Smack College is a Twitter page with 52.8 thousand followers that unites college students across New England for some good old-fashioned “smack talk,” with the intentions of derailing any student conceptions of college superiority.

Besides the banter-like discourse and Friday night stories that account for a majority of Smack College’s Twitter feed, pictures of New England college parties and their overly-intoxicated attendees are often posted through this third-party page.

This past weekend, the Twitter account featured many comments about the riots that occurred during the weekend of the Keene Pumpkin Fest. With that being said, Smack College receives its content from students who write in and send pictures, so theoretically, everything posted has received consent, according to KSC junior Ali Lague. Lague said it exemplifies the perception of the college student partier to a T. Lague discussed how the Twitter account seemed to encourage debauchery during KSC’s Pumpkin Fest weekend, but quickly became worried about the state of Keene once the news about the riots broke. According to Lague, a lot of the tweets were from students at different schools talking about Keene.

Philip Bergeron / Graphic Design Editor

Philip Bergeron / Graphic Design Editor

“All day long you would see tweets from other schools saying things like, ‘Oh, Keene doesn’t go that hard’ or ‘Come on Keene State,’” Lague said.

She continued, “Then once everyone started to hear about what was going on here there were some nice tweets telling everyone to stay safe.”

Lague discussed Smack College’s encouragement of partying.

“The conceptions that could be made because of Smack College’s  posts would definitely be that college students like to party hard and publicize their sexual encounters. I think it’s a poor representation of what college is, at least as a whole,” Lague said.

Lague is not alone when it comes to believing that Smack College can be a misrepresentation of the college experience.

“The content posted on Smack College’s Twitter page tends to be one-sided and doesn’t represent other huge parts of the college experience. Partying definitely has its place for some, but so do classes and events put on by schools. I feel like because Smack College only talks about partying, non-students who visit that page probably get a sense that that’s all college is about,” junior Cassidy Cetti said.

Cetti discussed the Twitter account during the riots Saturday Oct. 18.

“It was nice to see people telling us to stay safe. That was the feeling on campus. We all wanted to be safe at that time — it was scary,” Cetti said.

Junior Maggie Finkelstein agreed with Lague and Cetti.

“It was scary on campus, but I didn’t like how the account kind of egged us on to party harder earlier in the day,” Finkelstein said.

“The way Smack College represents college gives a bad misrepresentation of what students’ priorities are, like partying hard and having sex,” Finkelstein said, “It’s fun to look at but it also doesn’t give the whole picture of what college really is; it just gives the stereotypes people already have.”

Not only does Smack College post comical party stories and competitively-driven statements about alternative colleges, they also post racy pictures of female students, labeling them “smokeshow” or “hottie of the week.”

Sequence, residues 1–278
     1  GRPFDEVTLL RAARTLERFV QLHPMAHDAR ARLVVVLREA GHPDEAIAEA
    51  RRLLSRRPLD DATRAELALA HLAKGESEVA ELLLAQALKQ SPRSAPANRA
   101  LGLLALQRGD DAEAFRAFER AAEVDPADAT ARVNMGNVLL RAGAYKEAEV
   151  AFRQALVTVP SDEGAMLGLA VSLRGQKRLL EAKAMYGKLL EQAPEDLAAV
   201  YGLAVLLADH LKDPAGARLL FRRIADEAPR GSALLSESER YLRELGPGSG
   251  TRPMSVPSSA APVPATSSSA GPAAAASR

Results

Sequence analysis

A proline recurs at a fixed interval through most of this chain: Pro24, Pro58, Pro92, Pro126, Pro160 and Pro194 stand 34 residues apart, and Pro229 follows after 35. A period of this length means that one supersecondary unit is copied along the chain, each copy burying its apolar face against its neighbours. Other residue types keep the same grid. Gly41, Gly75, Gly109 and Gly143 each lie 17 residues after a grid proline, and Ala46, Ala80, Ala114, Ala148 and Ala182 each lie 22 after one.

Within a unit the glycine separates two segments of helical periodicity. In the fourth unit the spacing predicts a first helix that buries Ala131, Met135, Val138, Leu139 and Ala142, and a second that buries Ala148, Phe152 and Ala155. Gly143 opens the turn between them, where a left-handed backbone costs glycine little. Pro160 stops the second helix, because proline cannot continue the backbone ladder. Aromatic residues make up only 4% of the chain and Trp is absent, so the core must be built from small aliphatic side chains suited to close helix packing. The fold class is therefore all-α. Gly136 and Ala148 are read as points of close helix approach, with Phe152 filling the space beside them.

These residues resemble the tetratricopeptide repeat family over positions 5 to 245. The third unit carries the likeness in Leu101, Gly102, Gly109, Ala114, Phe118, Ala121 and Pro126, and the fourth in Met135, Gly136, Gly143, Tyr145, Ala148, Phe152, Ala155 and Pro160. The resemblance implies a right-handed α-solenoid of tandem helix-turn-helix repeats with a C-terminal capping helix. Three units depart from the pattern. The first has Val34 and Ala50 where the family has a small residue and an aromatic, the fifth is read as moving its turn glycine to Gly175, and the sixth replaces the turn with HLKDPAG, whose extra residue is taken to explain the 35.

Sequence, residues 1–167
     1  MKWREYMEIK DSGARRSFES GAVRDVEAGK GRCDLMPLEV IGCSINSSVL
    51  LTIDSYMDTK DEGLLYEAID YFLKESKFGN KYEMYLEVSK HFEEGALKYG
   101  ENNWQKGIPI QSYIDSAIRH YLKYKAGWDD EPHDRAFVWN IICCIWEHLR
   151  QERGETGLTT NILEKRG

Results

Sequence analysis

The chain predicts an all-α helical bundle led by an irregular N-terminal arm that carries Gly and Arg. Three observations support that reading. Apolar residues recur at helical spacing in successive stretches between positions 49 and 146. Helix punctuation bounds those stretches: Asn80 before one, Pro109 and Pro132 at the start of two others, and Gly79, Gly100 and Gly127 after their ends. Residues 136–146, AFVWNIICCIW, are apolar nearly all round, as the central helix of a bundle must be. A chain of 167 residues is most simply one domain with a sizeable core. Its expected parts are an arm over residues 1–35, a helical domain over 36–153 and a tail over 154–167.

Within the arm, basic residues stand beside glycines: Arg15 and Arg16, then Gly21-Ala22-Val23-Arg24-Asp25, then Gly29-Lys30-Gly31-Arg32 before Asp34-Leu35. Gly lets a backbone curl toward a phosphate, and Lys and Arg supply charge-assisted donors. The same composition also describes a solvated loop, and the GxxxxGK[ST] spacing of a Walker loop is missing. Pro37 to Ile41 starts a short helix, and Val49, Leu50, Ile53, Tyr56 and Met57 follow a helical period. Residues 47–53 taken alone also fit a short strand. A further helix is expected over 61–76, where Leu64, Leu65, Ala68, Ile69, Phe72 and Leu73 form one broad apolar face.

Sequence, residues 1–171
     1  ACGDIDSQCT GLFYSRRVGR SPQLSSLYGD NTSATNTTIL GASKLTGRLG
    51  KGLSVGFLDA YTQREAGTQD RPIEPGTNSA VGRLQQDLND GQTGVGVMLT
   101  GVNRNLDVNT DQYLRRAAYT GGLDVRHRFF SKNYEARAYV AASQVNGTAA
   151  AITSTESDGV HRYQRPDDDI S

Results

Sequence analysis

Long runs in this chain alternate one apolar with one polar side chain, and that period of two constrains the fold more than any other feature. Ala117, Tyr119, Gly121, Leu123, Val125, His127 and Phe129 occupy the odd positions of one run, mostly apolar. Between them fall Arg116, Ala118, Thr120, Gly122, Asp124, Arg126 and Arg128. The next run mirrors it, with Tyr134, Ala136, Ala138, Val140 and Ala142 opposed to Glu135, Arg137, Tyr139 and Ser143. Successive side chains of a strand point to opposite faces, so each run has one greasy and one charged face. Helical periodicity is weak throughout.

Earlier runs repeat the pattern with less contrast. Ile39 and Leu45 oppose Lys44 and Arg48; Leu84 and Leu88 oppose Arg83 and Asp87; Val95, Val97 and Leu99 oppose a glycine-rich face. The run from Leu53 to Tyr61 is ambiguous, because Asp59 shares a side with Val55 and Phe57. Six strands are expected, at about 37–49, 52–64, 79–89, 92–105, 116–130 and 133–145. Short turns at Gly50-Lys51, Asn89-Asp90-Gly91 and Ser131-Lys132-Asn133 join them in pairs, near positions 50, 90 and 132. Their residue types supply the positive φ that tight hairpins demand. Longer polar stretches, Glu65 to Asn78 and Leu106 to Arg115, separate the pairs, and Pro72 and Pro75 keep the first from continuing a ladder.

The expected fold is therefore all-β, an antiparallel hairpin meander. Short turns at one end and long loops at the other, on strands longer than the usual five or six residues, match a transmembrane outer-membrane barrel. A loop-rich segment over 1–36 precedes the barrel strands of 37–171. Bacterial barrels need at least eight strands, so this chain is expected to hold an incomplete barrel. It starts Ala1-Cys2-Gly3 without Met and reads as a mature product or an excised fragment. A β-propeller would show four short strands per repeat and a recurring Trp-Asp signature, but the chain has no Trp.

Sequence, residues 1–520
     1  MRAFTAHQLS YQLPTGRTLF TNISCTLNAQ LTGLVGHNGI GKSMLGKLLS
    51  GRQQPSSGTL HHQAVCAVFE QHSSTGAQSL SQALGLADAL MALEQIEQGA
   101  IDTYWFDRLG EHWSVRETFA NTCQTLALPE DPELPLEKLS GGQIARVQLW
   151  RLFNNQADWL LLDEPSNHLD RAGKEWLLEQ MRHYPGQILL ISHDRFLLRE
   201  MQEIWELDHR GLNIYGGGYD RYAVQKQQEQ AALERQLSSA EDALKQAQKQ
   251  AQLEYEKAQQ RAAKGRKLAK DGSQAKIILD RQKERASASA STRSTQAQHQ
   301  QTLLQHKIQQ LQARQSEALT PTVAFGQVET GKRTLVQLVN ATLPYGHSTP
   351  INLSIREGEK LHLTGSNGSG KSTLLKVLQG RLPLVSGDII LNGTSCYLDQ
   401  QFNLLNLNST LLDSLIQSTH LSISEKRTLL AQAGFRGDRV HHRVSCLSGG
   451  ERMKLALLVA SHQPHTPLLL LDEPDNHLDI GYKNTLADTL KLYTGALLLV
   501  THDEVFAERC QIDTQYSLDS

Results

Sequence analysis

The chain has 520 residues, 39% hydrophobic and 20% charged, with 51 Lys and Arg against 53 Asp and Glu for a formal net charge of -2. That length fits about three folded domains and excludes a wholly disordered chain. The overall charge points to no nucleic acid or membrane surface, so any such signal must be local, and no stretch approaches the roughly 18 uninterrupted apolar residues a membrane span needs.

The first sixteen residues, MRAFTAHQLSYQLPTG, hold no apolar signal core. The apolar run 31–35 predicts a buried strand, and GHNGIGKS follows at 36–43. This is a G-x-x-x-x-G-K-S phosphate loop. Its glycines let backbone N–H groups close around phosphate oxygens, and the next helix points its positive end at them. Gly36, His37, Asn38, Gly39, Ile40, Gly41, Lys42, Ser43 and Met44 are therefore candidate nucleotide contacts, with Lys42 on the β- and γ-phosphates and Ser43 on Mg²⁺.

“They post revealing pictures of girls from different colleges with their breasts and butts exposed. It’s pretty degrading; I feel like sometimes the account’s purpose is to show off how hot college girls are,” Lague said.

However, Tracy Mallozzi, junior, believes that although posting these pictures is degrading to female students, some responsibility must be given to the females who submit these pictures to begin with.

“Women objectify themselves to Smack College. They send in pictures completely intending on them being seen by thousands of followers. It’s no secret what Smack College does with them. That’s why I think the line is blurred when it comes to whether or not Smack College as a page is culpable for objectifying women through their posts,” Mallozzi said.

Smack College may have some controversial content, but there is one thing that makes students resist pressing that “unfollow” button — they said it is undeniably entertaining.

“Smack College is definitely entertaining because students like being able to see the crazy stuff other people are doing at other schools. It’s relatable to a lot of students, so it’s kind of fun to just read people’s stories; you get a good laugh from it,” junior Ben Neary said.

Finkelstein also agreed with Neary, and said that Smack College provides entertainment for students.

“Through this page, students can see all the fun party festivities that are happening in or around our area. It’s also kind of exciting when you see pictures or posts about Keene State. Like when Tracy Mallozzi’s picture of spring weekend got posted and got something like two hundred favorites — it’s cool seeing something familiar made public to such a big audience,” Finkelstein said.

Finkelstein talked more of the riots.

“At the end of the day, I think it was nice that everyone was kind of contributing to the news breaking out about the riots,” Finkelstein said.

Finkelstein continued, “They [Smack College] were posting pictures about the destruction happening just outside our doors. We were all staying tuned about what was happening. It was scary, but it was nice knowing that others were worried.”

Finkelstein continued, “I mean, accounts like this can be used for either good or bad. We saw both that day, but I’d like to believe that everyone posting on that account is good.”


Amanda Lashua can be contacted at

Share and Enjoy !